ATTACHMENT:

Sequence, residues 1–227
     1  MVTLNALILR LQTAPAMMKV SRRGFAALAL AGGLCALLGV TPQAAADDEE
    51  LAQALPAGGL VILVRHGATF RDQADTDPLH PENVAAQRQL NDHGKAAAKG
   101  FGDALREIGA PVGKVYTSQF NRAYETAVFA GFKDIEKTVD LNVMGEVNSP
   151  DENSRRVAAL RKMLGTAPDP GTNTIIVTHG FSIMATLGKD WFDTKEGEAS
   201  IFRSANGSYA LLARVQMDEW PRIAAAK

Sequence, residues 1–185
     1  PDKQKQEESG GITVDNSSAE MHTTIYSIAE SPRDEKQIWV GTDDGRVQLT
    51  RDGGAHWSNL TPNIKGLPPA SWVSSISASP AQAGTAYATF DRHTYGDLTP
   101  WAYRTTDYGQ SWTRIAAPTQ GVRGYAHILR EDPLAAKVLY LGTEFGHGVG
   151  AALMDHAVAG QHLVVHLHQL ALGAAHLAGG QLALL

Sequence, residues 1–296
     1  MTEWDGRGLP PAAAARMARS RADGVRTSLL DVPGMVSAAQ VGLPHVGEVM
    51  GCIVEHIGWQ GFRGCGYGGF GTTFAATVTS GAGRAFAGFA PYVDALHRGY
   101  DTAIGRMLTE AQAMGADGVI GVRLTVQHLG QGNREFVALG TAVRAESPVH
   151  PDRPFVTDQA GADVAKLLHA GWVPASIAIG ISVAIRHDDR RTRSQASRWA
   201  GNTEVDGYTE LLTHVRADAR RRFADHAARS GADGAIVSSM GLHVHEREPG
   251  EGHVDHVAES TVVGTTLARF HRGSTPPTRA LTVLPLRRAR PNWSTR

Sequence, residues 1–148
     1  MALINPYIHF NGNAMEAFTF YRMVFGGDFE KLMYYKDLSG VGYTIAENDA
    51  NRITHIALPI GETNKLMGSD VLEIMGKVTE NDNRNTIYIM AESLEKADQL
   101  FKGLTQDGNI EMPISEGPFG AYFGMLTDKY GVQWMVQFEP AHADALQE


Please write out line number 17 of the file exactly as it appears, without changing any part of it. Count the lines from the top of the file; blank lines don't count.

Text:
   201  GNTEVDGYTE LLTHVRADAR RRFADHAARS GADGAIVSSM GLHVHEREPG